[N.p., but possibly Massachusetts. N.d., but ca. 1810-1820]. Broadside, 7 3/4 x 8 1/4 inches. Old folds. Separated at center fold, minor soiling. Contemporary manuscript notations. Else about very good. Item #WRCAM43065
A recipe for removing the grease or lanolin from wool, with contemporary notations amending the recipe. The recipe reads, in part:
"Seventy gallons [amended to 45 in manuscript] rain water or spring water; eight gallons urine; six pounds pearl ash; from three to four pounds of Epsom or Glauber salts. Stir and dissolve them over a fire - and heat to 120 degrees of Farenheit [sic] scale; put then into this mixture 20 pounds wool or cloth, and let it lay twenty minutes at most, then take it out and rinse in fresh running water. If Spanish wool or tub wool requires recleansing, mix a gill of sperm oil, grease, or fat of any kind, with the pearl ash, in a gallon of boiling water before putting the pearl ash into the mixture."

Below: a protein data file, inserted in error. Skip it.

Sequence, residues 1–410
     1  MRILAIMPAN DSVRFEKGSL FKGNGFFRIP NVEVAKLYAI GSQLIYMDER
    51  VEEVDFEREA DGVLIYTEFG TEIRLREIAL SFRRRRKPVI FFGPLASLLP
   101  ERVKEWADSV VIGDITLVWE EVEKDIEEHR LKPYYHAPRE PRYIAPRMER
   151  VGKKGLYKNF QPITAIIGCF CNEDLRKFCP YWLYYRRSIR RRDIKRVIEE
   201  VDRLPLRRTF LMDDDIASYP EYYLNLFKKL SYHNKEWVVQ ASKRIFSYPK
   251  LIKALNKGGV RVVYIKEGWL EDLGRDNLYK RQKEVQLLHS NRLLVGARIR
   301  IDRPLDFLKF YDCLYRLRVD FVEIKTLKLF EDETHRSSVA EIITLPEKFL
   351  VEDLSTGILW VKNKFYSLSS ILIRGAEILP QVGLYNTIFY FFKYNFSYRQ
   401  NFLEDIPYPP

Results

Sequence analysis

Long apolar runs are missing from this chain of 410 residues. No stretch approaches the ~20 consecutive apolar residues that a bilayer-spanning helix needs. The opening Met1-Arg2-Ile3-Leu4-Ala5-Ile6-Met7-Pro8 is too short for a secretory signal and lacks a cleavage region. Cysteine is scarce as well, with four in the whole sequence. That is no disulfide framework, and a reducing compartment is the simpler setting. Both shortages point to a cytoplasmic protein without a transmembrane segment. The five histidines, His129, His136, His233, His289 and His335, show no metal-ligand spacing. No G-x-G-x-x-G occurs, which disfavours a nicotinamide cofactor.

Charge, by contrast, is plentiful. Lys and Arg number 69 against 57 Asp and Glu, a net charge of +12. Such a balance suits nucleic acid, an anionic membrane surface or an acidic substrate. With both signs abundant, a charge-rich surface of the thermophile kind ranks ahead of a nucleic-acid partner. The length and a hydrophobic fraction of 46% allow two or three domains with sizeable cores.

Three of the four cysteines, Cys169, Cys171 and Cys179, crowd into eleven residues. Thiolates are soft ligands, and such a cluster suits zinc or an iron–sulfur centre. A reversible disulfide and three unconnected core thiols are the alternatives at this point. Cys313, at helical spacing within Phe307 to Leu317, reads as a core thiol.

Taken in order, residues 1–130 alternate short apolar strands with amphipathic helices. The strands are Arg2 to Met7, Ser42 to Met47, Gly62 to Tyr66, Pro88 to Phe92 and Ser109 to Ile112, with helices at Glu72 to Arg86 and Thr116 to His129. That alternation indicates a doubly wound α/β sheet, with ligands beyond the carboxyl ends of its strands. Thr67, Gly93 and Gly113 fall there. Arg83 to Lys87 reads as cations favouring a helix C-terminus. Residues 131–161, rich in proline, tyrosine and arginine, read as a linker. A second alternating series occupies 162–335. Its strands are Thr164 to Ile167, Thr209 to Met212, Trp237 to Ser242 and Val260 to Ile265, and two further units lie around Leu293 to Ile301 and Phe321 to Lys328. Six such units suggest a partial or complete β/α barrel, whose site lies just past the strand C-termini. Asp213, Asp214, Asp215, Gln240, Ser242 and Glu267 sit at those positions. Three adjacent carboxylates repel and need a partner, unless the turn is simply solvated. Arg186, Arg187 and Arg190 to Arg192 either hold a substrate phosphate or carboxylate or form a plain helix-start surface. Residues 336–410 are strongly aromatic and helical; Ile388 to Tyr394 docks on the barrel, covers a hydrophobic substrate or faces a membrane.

A manuscript notation at the bottom of the broadside reads: "A.S.K. McCallum / agt. for the patents of / John Goulding." Goulding was a Massachusetts inventor and mill owner who revolutionized the wool industry with his condenser in 1826. Combining several machines, Goulding was able to create a single machine that produced a single roll of batting, ready for spinning, rather than multiple smaller battings that had to be pieced together. This revolutionized the wool industry, presaging the Industrial Revolution in America.